Joint Press Conference
Jerusalem, October 6, 1997
Foreign Minister David Levy (Israel)
[translation from Hebrew]:
The meeting here this evening was in accordance with the agreements already reached between the sides to renew our negotiations and is an expression of the desire of both sides, the Government of Israel and the Palestinian Authority, to continue in our efforts to make progress to our mutual goal, the goal of reaching peace between us. We are not beginning anew here. We are continuing the significant work and the great effort that have already been put in by both sides until the breach of contact occurred, and this out of our determined decision to extract ourselves from the breach of contact that had existed.
What we are doing in this meeting, what we have done and what we will continue to do in our work, is what is incumbent upon us by virtue of what we have undertaken between us to advance the issues between us and to reach agreement. Our determination to advance these issues and to proceed is also intended to create the necessary atmosphere which stands in complete opposition to violence, to terror, and in our work together we are giving expression to that strong position against terror and to creating the atmosphere needed for making peace between us.
I wish also to take this opportunity to note the great will and strong sense of partnership that my colleague, Abu Mazen, has given expression to this evening, and also to thank the Secretary of State Madeleine Albright for her efforts to bring the parties together; and in particular, as well, to Dennis Ross for his actions and for his efforts, his commitment to finding solutions and to advancing our common goal, a goal which we have each taken upon ourselves, both individually and as partners, to reach peace. The United States is the world’s great power and our great friend, and its involvement and its standing firm beside the parties as they try and make peace is something which we appreciate and value greatly. Especially on a day when some may feel that there are dark clouds passing over us, this strong, firm stand taken by the parties, the expression that they have given to their mutual desire to advance towards peace is like a ray of light, and we are hopeful that this ray of light will continue to shine upon us and upon our efforts today, tomorrow and in the days to come.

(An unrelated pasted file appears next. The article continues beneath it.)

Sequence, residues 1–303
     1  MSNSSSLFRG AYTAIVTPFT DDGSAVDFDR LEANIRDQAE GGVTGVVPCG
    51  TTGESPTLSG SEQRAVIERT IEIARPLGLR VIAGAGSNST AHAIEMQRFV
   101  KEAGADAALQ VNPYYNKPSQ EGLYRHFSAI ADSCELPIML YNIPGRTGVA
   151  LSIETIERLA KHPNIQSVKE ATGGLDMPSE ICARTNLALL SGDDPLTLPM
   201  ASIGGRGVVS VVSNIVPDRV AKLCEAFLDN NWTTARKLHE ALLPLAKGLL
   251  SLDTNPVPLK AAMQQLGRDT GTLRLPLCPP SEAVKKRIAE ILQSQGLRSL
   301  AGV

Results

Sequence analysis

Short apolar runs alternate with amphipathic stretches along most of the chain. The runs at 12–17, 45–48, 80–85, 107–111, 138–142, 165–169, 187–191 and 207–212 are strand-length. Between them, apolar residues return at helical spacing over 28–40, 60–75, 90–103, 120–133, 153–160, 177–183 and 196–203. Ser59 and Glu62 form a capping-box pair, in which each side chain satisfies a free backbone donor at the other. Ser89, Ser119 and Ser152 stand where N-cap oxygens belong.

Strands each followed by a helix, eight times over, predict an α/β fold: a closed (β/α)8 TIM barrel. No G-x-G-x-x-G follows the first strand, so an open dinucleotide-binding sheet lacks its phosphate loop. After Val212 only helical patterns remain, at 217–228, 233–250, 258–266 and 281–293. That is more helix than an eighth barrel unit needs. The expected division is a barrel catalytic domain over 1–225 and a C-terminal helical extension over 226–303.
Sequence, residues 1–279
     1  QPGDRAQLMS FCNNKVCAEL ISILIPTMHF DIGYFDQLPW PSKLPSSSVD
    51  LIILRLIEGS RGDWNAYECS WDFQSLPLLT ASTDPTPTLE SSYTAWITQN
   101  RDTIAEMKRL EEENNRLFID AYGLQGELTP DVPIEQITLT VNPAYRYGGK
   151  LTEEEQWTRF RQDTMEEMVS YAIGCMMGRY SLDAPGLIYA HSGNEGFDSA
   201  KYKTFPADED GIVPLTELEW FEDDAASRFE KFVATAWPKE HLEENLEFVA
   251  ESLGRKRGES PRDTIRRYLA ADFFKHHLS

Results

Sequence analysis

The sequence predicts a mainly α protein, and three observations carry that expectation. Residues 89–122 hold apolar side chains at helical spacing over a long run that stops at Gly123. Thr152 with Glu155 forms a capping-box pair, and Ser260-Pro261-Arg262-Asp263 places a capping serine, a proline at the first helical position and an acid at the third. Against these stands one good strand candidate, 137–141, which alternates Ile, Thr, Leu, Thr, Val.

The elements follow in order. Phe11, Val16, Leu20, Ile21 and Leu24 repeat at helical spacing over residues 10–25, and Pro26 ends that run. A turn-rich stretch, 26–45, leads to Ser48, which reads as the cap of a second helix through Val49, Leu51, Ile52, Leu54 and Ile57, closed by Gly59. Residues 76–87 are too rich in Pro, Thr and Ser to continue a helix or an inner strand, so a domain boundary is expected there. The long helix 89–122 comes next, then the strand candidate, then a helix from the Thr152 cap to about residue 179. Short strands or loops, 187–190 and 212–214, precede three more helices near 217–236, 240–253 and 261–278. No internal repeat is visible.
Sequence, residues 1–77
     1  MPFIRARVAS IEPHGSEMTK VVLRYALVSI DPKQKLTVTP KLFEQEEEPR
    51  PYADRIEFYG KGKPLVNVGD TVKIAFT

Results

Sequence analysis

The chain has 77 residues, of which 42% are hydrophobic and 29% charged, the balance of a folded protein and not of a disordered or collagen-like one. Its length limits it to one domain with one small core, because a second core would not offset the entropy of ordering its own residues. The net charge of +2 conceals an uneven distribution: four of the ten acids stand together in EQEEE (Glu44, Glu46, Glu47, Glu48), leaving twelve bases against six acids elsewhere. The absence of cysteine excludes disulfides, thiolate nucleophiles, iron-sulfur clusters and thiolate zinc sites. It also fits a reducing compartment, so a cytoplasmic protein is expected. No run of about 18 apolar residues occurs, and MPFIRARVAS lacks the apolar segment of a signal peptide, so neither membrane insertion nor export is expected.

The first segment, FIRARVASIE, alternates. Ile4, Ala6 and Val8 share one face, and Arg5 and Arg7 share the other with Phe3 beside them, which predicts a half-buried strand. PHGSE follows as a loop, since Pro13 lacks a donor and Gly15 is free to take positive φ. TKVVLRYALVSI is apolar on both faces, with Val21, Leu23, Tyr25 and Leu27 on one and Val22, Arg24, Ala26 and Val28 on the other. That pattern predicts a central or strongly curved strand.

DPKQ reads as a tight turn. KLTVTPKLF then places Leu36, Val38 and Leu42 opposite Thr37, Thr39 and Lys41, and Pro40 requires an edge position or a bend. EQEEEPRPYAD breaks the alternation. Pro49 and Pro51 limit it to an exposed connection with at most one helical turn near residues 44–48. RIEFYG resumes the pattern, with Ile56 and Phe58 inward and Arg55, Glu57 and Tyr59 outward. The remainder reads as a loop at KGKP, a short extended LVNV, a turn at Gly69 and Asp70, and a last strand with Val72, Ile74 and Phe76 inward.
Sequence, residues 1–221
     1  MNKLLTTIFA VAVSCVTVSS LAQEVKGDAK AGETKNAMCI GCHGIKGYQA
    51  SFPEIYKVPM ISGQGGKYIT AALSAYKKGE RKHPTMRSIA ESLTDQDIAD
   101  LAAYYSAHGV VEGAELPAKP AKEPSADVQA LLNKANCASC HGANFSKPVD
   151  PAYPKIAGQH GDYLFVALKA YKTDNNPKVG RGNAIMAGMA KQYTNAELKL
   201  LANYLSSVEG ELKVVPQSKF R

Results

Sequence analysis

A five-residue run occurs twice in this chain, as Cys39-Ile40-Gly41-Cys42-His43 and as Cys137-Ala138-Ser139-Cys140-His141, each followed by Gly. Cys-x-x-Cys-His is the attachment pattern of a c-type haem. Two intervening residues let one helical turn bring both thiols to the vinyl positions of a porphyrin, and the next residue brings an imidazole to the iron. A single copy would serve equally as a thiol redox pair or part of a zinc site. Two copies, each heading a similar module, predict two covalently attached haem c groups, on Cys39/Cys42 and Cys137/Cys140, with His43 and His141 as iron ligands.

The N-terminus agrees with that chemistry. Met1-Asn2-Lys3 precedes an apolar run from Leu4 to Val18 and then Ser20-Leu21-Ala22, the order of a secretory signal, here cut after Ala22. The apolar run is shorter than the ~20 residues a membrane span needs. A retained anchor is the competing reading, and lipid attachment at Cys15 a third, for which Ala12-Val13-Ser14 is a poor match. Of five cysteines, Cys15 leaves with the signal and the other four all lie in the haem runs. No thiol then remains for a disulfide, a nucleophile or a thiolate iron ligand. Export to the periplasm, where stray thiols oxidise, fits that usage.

Deputy Chairman Mahmoud Abu Mazen (PA)
[translation from Arabic]:
I would like to express the appreciation of President Yasser Arafat to all efforts being exerted by the American administration in the hope of reviving the peace process, with special thanks to President Clinton, Mme. Albright and Ambassador Ross.
The peace process has been off track for a long time, and I say now, it’s time to revive it. In this regard, I would reiterate our commitment to activate our coordination and cooperation in all spheres, including the security sphere, and our efforts to combat violence and terror whether committed by Israelis or Palestinians.
As of next week, we will start crucial talks and negotiations in Washington with a specified agenda, that will include the unilateral steps, especially in the field of settlement activities, confiscation of land, demolition of homes, and the confiscation of identity cards from Palestinians in Jerusalem. Also what will be discussed in Washington is the further redeployments and the permanent status negotiations and the security council. These issues constitute the basic principles and fundamental basis to revive the peace process and to give the peace process the chance it deserves.
We are not starting from scratch. Our peace process has clearcut terms of reference, whether it’s the Madrid formula, the Oslo accords, the DOP, which will lead to the implementation of Security Council Resolutions 242 and 338. The committees concerning the implementation of the outstanding commitments of the Interim Agreement will resume tomorrow. These committees have an objective of institutionalizing mechanisms of implementation of all these outstanding commitments. What we need is the implementation on the ground. We don’t think that negotiations are an end by itself. The implementation on the ground will be the only way to revive and to restore the confidence and credibility to the peace process.